Single and loving it? These are not words I ever thought would come forth from my mouth. I wasn’t happy being single as a teen. I wasn’t happy as a semi-adult when I was being a bridesmaid, yet again, while wishing it was my wedding I was walking in. And I certainly wasn’t happy with my singleness post divorce when I had an insatiable desire to be loved and wanted and not alone.
The road to contented singleness has been a rocky one.
I just started watching Sex and the City. I pride myself in loving things well after their shelf life, so no, I’m not embarrassed to admit that I’m only now catching the show. Just look on my Pandora feed. I’ve been listening to Erasure. I have no problem enjoying old things.
I had always wondered what the fuss was about, especially when everyone was referring to themselves as an Amanda, Charlotte, Samantha or Carrie. Well, now I get it. Here are four single women with every imaginable characteristic, flaw, view on life, and dating habit. Take your pick. You’re sure to find yourself in there somewhere. I admit to finding myself undeniably drawn to the character Carrie Bradshaw. Certainly not because of her New York apartment, perfect golden locks or $800 shoe fetish. That is where we part ways, to be sure. My most expensive shoes are from Designer Shoe Warehouse and there is nothing designer about them.
But Carrie has this affinity for dating unavailable men. This, I have become a pro at and can painfully relate to her horrible magnetism to Mr. Big, who could not be more unavailable. And it’s not even unavailable as in attached to someone else. No, unavailable in other, more complicated ways.
My first plunge was with an old college boyfriend I reconnected with after my divorce. I truly didn’t go into the relationship wanting anything more than friendship. I missed him and his kindness, and the fact that we were both single made it ok so communicate again (after many years!) I was unprepared for two things when we started talking. One, that the attention would be so nice. And two, that he had held a bit of a flame for me all these years. Boy, did that make it impossible. We spoke on the phone but mostly emailed because he was in a different state. It kind of went from zero to sixty, from talking about work, to flirting a good deal and sending emails all throughout the day.
Aside from the distance, we were different from each other in ways that were insurmountable. We both knew that, and talked about it a lot. But that didn’t stop me from believing we could actually succeed at a long distance, lop-sided relationship. When we finally broke off communication, because it had just become too confusing and difficult to maintain, I was a total mess. I grieved hard and felt unwanted for a while. And wanted to reconnect with him at least a dozen times after.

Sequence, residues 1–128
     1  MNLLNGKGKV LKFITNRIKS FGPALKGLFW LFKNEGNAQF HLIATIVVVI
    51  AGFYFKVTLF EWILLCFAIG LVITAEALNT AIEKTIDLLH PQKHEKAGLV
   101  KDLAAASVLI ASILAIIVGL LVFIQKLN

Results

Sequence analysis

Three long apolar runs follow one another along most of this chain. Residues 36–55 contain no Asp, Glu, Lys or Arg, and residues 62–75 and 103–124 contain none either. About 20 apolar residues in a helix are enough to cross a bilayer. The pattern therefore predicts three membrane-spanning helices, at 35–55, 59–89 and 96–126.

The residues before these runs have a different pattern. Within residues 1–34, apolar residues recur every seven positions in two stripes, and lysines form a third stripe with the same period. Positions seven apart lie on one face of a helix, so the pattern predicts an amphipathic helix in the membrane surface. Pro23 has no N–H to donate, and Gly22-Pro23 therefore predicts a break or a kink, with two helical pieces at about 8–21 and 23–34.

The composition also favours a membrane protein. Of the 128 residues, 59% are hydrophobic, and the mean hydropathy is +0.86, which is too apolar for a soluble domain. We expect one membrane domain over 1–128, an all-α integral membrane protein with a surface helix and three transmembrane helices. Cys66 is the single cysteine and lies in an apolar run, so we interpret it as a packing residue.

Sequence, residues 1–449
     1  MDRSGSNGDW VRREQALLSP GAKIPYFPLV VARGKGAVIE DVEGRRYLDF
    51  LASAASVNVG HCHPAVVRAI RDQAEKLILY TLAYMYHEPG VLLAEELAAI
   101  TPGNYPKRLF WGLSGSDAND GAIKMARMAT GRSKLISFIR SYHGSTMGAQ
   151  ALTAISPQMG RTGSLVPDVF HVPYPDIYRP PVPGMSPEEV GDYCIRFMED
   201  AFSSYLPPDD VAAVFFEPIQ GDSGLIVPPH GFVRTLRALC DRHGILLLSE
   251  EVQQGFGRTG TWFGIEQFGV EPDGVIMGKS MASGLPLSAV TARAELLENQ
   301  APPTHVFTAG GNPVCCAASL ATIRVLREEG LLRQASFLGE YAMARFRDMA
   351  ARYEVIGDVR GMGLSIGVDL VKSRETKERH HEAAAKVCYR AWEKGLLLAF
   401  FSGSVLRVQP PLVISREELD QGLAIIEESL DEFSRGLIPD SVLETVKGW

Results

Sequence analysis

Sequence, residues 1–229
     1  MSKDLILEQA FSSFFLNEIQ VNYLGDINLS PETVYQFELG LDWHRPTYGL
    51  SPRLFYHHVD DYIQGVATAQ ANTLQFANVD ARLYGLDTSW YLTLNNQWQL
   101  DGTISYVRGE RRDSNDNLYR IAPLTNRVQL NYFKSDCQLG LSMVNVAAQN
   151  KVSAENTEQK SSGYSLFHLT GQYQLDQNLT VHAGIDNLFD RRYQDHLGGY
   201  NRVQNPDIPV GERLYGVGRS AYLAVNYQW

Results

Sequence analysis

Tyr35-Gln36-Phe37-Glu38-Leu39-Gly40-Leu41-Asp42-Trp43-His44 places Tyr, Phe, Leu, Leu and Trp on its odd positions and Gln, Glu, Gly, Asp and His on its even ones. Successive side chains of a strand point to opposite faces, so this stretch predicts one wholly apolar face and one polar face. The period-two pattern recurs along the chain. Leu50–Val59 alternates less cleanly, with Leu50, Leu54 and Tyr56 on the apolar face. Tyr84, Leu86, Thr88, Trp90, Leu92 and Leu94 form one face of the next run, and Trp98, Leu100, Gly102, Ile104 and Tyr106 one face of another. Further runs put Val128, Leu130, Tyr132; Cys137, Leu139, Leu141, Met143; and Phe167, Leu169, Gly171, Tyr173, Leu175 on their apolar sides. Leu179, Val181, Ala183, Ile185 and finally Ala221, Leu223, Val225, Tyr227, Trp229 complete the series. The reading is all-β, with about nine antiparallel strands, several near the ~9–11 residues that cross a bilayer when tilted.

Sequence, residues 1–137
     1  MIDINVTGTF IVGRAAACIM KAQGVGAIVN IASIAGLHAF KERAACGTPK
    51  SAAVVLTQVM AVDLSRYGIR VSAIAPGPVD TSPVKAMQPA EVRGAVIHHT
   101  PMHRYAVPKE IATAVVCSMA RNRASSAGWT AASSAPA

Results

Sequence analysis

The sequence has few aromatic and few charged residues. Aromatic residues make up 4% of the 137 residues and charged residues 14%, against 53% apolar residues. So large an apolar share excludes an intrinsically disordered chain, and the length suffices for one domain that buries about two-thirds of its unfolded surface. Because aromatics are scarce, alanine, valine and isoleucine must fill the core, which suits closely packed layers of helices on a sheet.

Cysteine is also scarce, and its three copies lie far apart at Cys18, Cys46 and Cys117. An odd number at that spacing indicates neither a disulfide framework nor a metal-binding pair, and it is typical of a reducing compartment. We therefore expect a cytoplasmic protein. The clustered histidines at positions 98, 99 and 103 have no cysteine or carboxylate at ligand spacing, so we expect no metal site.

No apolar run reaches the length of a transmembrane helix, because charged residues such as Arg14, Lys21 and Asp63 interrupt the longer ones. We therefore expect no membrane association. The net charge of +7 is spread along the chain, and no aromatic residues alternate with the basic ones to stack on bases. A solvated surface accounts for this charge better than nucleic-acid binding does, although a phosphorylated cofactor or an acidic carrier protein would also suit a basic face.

Then I fell for another guy who was clearly unavailable. He even told me so. He lived in the same time zone, at least, but he wanted friendship only. But, my god, he was handsome. It’s hard not to fall for that. And he was kind, generous, smart, well read. We had a blast. We went for hikes and stayed up all hours of the night watching each other’s favorite shows. Despite his insistence that he had only friendship for me, things were often confusing and misleading. I fell head first, despite the warnings. I was a mess. I would have done anything for him. I eventually had to break off what we had going. I was in love, and he was not. It was horrible. I cried for months. I haven’t seen him in several years and it still feels like I lost a pretty great friend.
I have been through so much grief chasing after someone who is not meant to be mine.
I’ve chased after guys on Plenty of Fish who spent days chatting with me, then suddenly ghosted. Apparently that’s a thing now, ghosting. And I don’t mean coming back to seduce you over a pottery wheel. No, it means quite possibly literally falling off the face of the earth. It means spending a whole day on your phone (when you have so many other things you should be doing) telling someone your whole life story through little message bubbles…making plans, picking a place to meet up next weekend, picking a wedding gown (in your mind, of course). And then, the next day, poof. Gone. Never to be heard from again. Ghosting.
I have made second date plans before even having a first date and waited for a guy to call me while he was probably making out with some younger, hotter fish. How did I become so drawn to unavailable men?
So I finally did a Google search. Google therapy. There’s an app for you. And this is what I found – insecure, hurting, or anxious women are drawn to unavailable men because #1, we think there’s no danger of getting hurt, or #2 we believe that if we can turn an unavailable man available by our sheer wonderfulness, if we can work really hard to make someone love us, then we can finally believe in ourselves and our worth.
How sad. Because if a man is unavailable, it says something about him, not about me. And my value should never lie in convincing someone to love me.
And that is how I came to be in this place. I finally started to see my own value, and stopped needing to find it in a relationship with someone else.
Oh, I don’t miss the days of neurotically checking my phone to see if I got a text or a like or little bubble message from Plenty of Fish. You can keep your fish. And Miss Bradshaw, you can keep all those unavailable New York men to yourself. Because I’m single and finally loving it!